John Karr on 29 May 2011 15:16:03 -0700

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Depending on what you need to accomplish using ssh tunneling might be a lot easier.

For example my home webmail server answers on port 8443. That port is blocked outbound at work, as are 3389 (rdp) and 5900 (vnc). 

When I want to check email from work I ssh to one of my Linux servers, with a command like:
ssh -f -L -N

The -f tells ssh to go into the background just before it executes the command. This is followed by the username and server you are logging into. The -L is in the form of -L local-port:host:remote-port. Finally the -N instructs OpenSSH to not execute a command on the remote system.

Then I point a browser to https://localhost:8443/webmail. If I need to remote control a computer at home I change the ports appropriately and use the appropriate client software.

At my last job the only outbound ports allowed were 80 and 443, while I was there I had to have ssh listen on one of those ports, but it worked fine (other than losing normal use of the port).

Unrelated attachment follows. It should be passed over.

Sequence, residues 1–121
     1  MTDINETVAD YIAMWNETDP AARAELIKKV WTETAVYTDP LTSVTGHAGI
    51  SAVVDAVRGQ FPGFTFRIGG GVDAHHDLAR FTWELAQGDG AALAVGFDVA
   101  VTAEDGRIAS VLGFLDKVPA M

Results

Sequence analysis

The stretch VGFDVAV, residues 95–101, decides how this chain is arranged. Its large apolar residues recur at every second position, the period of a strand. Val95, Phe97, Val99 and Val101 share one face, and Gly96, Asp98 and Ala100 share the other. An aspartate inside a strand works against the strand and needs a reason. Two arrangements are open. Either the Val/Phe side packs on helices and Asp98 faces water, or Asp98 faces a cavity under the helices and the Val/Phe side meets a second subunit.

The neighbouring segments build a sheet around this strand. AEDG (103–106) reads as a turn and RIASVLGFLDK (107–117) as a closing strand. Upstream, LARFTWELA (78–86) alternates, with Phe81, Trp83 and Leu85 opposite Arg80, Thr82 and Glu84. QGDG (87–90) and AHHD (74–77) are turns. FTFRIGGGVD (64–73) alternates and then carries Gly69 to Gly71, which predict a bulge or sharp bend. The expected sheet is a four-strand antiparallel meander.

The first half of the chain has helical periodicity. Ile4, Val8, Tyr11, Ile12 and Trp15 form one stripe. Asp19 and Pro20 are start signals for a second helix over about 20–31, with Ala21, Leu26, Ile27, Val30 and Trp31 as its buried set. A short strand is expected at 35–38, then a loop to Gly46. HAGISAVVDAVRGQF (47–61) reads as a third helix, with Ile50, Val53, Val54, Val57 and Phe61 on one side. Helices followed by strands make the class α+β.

From: [] On Behalf Of Stephen Slaughter
Sent: Saturday, May 28, 2011 3:50 PM
Subject: [PLUG] VPN

I'm in a Linux Noob and interested in securing my internet traffic with a VPN.

I tried to install OpenVPN, but, correct me if I'm wrong, it appears that I need to configure a separate physical server machine with the software, in addition to the client, which would be my Linux box in this case.

Is there any way to configure one machine as both server and client?  

Is it possible to host a virtual machine as the OpenVPN server with Virtual box while running the client software on the same physical machine? 

Do any of you know of an alternative VPN solution I can use which does not require hosting a server?

Thank you!

"We can only see a short distance ahead, but we can see plenty there that needs to be done."
- Alan Turing

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